Tag: Beach

A catalogue of closures

 
Councillor Fanny Serrano has an unfortunate name for her current position as
councillor for planning. In the Spanish press much has been made of the
resemblance of her surname ‘Serrano’ to ‘cerrado’ which means ‘closed’.
Councillor Serrano has got a reputation during her two years in office for
closing a number of public buildings and bars, restaurants and clubs.
The latest closures have been three beach bars in Punta Prima, an action that
has been noted by many people who enjoyed using the facilities during the
summer season. The question they have raised is – why now?
The majority of the premises being closed never had an opening licence in the
first place. Before any building is open to the public for trading, it must have
been checked and approved for use for a specified purpose. However, a
number of buildings in Torrevieja do not appear to have had this piece of
paper work in place but have been continuing to trade for a number of years.
Two of the beach bars that were recently closed had been trading since 2012
and one of them since 2007. They had also been paying to use a terraced
area without a closure order being put into place. For those who have enjoyed
the use of these facilities it now seems absurd to say that they must close
when they are part of the local landscape.
However, the opening licences are there for a reason. The council do make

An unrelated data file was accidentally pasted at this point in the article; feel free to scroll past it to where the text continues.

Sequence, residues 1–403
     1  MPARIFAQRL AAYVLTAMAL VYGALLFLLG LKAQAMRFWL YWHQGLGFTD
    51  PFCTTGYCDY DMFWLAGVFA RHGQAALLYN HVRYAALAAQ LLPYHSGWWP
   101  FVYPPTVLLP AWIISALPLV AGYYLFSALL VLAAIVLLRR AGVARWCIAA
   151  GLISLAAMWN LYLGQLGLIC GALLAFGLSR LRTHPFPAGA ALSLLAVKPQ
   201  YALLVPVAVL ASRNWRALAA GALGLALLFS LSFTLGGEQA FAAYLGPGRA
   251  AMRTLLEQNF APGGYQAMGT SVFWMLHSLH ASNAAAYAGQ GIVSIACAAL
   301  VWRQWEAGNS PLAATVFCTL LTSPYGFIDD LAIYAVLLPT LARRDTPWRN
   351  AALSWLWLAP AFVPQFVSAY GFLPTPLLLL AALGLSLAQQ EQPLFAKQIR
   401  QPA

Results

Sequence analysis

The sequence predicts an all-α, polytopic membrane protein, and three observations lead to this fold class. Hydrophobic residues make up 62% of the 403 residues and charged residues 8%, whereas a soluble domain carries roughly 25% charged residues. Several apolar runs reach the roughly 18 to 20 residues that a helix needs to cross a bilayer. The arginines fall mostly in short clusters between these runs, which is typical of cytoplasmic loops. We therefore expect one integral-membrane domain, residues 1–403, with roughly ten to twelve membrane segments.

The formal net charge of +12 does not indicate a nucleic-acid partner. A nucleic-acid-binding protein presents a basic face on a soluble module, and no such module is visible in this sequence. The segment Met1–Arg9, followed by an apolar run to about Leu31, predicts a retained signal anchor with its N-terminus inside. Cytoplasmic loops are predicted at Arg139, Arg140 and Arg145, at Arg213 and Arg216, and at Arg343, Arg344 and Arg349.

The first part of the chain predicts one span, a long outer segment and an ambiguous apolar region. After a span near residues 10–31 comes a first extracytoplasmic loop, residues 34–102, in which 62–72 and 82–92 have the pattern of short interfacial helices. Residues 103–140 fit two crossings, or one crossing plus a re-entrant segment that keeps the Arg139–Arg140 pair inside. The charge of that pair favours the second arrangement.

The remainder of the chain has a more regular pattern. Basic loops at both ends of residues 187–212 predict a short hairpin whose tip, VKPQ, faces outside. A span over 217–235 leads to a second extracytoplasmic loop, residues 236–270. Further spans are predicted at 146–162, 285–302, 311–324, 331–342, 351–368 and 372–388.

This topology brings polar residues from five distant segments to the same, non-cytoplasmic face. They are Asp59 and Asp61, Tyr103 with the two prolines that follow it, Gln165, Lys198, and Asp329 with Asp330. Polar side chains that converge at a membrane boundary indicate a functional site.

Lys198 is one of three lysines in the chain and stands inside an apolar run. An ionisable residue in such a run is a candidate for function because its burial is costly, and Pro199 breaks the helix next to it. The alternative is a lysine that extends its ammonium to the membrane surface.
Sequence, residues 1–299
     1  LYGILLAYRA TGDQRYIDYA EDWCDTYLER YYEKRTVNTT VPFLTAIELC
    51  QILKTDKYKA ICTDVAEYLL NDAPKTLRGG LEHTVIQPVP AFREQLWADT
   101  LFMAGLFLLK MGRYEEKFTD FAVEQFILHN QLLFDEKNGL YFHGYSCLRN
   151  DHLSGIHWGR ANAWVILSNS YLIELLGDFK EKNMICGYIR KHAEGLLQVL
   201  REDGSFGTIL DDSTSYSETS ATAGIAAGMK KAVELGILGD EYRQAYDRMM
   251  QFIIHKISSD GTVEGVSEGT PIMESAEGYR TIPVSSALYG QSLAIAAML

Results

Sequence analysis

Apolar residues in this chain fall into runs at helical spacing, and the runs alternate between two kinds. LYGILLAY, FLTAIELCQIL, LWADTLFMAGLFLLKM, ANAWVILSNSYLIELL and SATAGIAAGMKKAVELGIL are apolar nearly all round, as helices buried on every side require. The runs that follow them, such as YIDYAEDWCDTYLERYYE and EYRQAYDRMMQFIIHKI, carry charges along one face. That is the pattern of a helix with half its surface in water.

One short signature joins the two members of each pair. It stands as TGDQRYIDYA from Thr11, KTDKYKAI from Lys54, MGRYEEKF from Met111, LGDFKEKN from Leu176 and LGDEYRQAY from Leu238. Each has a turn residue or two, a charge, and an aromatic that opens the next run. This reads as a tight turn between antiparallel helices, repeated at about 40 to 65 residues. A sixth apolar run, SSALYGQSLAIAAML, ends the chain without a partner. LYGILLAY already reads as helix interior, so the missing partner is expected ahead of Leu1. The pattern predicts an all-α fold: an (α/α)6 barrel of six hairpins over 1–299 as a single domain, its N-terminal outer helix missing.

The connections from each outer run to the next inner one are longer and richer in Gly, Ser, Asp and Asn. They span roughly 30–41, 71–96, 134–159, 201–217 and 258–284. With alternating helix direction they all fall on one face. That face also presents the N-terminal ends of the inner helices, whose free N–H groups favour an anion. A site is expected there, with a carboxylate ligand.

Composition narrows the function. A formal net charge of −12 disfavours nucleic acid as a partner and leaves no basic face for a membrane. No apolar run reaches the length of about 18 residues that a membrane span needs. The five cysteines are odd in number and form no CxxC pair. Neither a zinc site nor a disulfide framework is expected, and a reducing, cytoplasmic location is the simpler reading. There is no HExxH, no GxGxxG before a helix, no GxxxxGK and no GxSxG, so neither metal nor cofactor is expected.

money out of them and they are not cheap, but they are also a way of
checking that the correct facilities are in place and that the premises are fit to
use. Questions are now being asked about why so many buildings and
businesses have been allowed to continue to provide services for the public
without them.
There are allegations that people in office did know that licences were missing
but turned a blind eye to this. It is also argued that with the number of
businesses operating in a town like Torrevieja, it is very difficult to keep a
check on what’s on the right side of the law and what isn’t.
To keep regular checks on all the catering and business premises would
require a large administration backed up by police officers with the time to do
it. Without these it is difficult for the town to have systematic inspection in
place.
Perhaps what upsets people most about this subject is that some places are
still ‘getting away with it’ whist others are not. The beach bar owners are one
example of people who feel that one law is being applied to them but not to
others. What is more likely is that the town hall simply hasn’t got round to
checking up on everyone and, given the size of the task, are unlikely to do so
any time soon.
In the meantime, the question might be asked – what should be done? Should
we continue to turn a blind eye and circumvent requirements or enforce them
rigidly?
Perhaps what most people would like to see is a middle ground between the
two that allows businesses time to bring themselves into line without
necessarily imposing the hefty fines that can result. However, where laws are
in statute it can be difficult to apply ‘special considerations’ without breaking
the law.
In the meantime, the beach bars will be missed and those who usually
frequent them would perhaps have preferred that the town hall had targeted
somewhere else. Now, we wait with interest to see what Councillor Serrano